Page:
[Milton-L] An antidote . . .
lschwart at richmond.edu
Thu Apr 17 17:43:08 EDT 2014
Yes. I was actually thinking about the lines from Donne's "Elegy 19:"
To enter in these bonds is to be free;
Then where my hand is set, my seal shall be.
The poem also has some things to say about the difference/no difference between pre and post-lapsarian sex issue. That's, I think, oddly enough, part of the point of the midwife image that Richard mentioned earlier, but that's another, longer discussion.
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lschwart at richmond.edu<mailto:lschwart at richmond.edu>
From: milton-l-bounces at lists.richmond.edu [mailto:milton-l-bounces at lists.richmond.edu] On Behalf Of John K Leonard
Sent: Thursday, April 17, 2014 3:12 PM
To: John Milton Discussion List
Subject: Re: [Milton-L] An antidote . . .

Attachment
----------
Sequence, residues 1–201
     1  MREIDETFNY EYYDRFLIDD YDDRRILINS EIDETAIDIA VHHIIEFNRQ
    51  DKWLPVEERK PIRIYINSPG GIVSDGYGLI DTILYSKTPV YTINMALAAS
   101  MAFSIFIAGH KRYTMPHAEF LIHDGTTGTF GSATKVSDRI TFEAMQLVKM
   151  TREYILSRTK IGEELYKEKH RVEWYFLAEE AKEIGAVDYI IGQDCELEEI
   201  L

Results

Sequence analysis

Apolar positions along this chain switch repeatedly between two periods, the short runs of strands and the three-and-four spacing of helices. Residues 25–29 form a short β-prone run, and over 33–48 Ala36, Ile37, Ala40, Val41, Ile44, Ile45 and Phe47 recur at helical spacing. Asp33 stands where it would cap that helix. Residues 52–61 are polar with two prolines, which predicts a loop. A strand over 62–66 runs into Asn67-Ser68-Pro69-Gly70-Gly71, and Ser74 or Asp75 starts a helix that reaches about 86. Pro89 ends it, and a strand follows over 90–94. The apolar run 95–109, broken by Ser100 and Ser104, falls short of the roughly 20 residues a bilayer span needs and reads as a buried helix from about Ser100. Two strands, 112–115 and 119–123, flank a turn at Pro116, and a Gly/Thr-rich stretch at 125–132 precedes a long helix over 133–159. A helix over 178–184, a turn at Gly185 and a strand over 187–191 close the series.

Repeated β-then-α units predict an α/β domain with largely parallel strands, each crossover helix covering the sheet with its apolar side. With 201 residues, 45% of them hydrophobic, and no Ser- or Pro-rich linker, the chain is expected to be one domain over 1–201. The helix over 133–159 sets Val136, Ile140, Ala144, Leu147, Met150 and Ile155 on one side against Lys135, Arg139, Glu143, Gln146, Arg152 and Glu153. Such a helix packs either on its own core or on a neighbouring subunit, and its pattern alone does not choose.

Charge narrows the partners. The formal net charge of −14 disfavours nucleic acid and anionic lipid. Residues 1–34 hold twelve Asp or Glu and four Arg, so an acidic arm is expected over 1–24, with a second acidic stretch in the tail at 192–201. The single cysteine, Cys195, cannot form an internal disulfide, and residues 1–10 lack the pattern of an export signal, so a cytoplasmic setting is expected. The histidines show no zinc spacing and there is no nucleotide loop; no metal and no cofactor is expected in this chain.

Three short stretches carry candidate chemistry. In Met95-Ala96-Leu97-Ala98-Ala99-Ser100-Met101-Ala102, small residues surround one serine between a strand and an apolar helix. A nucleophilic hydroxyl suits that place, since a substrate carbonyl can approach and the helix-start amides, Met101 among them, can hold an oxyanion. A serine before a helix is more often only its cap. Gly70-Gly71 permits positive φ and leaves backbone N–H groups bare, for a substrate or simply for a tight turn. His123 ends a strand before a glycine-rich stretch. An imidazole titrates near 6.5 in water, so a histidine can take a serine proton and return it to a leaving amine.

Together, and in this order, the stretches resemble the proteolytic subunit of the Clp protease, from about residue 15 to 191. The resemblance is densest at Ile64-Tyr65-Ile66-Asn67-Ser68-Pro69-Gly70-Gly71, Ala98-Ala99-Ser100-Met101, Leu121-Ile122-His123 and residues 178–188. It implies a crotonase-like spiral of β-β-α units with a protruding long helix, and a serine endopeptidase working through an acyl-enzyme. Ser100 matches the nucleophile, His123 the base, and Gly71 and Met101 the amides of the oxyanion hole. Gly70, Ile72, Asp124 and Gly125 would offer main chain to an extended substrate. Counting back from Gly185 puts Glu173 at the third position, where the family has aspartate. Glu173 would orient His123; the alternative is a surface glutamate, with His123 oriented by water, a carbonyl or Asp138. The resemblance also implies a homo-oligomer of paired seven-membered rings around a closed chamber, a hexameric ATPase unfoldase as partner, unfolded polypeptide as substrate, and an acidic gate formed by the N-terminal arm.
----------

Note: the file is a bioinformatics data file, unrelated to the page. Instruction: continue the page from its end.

Excellent point by Louis below. It might also be relevant that "seal" was a common early modern pun for sexual penetration (Donne uses it frequently). Much more plausible than the other pun that has so distracted us.
On 04/17/14, "Schwartz, Louis" <lschwart at richmond.edu<mailto:lschwart at richmond.edu>> wrote
For me the key and most poetically brilliant touch-and it happens to come right before we're told that the force of the "fallacious Fruit" with its "exhilerating vapor bland" is "exhal'd" out of the bodies of Adam and Eve-is the way that Milton has the narrator call Adam's and Eve's taking their "fill of Love and Loves disport" both the "seal" of "thir mutual guilt" and "The solace of thir sin [italics mine]." "Seal" and "solace." A pact, a union, a broken union, a consolation, isolation, impression; "seis'd" and taken largely, nothing loath. Sole alas, unsavory of itself, but also soul, associate soul, one heart one flesh one soul. It's a striking bit of overdetermination (it starts with the more conventional "seal" of guilt and then branches off unchecked from the addition of "solace"-and the further roving is supported by a series of puns and echoes).
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